We have prepared a series of summary Liveability Reports presenting indicator results and maps for all 21 cities included in the Australian Urban Observatory. Each Liveability Report is 16 pages long and available and downloadable for all individual 21 cities from the map below.

These city-based reports include the Liveability Index and Social Infrastructure Index which are the only indicators available freely available at the suburb and neighbourhood level in the Australian Urban Observatory. Registration is available here to access liveability indicator results. Alternatively, become a funding partner of the Australian Urban Observatory to access the entire range of indicators at the suburb and neighbourhood level.

Maps in the Liveability Reports support observation, understanding and action. Indicator results highlight suburbs where liveability is good and where liveability could be improved with planning and policy action.

Click on a city in the map below to view a Liveability Report.

AUO Scorecards Melbourne Albury – Wodonga Adelaide Launceston Canberra Brisbane Sydney Darwin Perth Geelong Ballarat Bendigo Wollongong Newcastle – Maitland Gold Coast – Tweed Heads Toowoomba Sunshine Coast Mackay Townsville Cairns Hobart

Key findings

Australian cities are liveable. Older, more established inner city areas are most liveable with greater access to public transport, destinations and services. Reduced liveability is visible on the fringe areas of many cities.

Similar to liveability, our cities are more walkable in inner city areas with more people, destinations to walk to and ways of getting there. The walkability of our cities tends to decline towards outer urban areas.

Social Infrastructure:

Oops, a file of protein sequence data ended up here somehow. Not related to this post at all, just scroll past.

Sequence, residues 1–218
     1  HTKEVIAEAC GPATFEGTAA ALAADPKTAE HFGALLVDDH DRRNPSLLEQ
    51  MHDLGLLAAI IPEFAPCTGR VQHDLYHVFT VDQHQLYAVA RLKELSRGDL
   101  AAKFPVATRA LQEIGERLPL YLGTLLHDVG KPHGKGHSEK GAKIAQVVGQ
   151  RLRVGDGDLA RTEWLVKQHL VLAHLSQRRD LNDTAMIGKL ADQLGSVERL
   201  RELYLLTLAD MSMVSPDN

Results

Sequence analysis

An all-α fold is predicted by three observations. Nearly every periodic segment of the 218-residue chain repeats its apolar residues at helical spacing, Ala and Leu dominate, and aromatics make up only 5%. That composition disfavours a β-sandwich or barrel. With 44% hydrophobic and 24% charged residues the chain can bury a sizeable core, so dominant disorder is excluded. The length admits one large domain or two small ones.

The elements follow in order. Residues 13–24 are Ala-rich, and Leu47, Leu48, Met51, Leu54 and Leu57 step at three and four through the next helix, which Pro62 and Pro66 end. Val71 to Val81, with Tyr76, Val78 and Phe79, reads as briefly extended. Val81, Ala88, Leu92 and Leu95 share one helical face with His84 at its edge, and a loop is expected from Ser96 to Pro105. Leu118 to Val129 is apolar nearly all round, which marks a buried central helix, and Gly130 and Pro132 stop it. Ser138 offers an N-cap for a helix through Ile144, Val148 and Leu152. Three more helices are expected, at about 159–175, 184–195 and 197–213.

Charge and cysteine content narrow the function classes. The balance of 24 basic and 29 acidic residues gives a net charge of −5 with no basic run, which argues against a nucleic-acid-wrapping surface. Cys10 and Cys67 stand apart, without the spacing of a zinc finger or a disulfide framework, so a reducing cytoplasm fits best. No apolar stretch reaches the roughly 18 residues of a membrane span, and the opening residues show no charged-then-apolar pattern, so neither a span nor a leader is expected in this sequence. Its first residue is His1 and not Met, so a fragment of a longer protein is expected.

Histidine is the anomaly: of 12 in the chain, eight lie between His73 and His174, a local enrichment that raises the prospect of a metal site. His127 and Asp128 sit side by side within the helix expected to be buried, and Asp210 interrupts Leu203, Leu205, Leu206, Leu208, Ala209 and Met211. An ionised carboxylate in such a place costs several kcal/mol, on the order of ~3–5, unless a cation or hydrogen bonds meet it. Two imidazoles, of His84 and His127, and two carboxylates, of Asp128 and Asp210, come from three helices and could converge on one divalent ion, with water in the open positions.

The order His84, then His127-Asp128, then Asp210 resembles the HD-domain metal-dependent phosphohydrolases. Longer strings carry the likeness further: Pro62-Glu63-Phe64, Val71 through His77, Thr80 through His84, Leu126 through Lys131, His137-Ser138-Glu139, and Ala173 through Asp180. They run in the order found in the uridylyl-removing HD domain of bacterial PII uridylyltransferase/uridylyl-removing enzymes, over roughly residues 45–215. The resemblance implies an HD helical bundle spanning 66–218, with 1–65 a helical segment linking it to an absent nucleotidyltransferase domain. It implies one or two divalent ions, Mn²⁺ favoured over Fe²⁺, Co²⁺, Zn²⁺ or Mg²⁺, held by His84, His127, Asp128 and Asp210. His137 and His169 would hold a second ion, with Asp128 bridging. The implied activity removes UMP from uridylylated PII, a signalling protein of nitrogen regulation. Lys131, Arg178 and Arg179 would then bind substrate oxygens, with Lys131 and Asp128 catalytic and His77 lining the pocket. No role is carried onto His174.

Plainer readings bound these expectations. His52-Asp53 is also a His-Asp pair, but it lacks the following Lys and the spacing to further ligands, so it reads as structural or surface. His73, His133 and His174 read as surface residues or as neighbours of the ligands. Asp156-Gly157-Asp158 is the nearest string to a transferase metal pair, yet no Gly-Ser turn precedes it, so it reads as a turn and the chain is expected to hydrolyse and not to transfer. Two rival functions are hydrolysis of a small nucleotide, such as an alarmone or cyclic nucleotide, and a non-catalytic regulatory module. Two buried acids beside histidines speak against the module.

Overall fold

Most cities have between 4 -7 different types of community services relating to health, culture, and education out of a total of 16. Social infrastructure is greater in the inner city and lower in outer urban areas.

Public Transport:
Larger cities have better access to regular public transport especially in the inner city areas. Regional cities generally have reduced access to public transport. Public transport declines towards the outer city areas.

Food Environment:
We measured the average distance to supermarkets and found distances were larger in outer city areas. It is more difficult to access a range of fresh foods and everyday products if you live in outer areas of cities.

Alcohol Environment:
Most cities have large numbers of off-license alcohol outlets in inner city areas. Easy access to alcohol is associated with alcohol consumption and physical and mental health issues of concern.

Public Open Space:
Average distances to public open spaces across the 21 largest cities vary for each city. Larger cities generally have better access to large public open spaces, while many smaller regional cities have reduced access.

In many regional cities, residents live close to where they work leading to reduced travel times and improved work-life balance. People living in capital cities often don’t live and work close to home with longer commuting times.

Housing Affordability:
Housing stress was measured in low income households (lowest 40%). Approximately 30-45% of low income households across the 21 cities were spending more than 30 percent of their income on housing.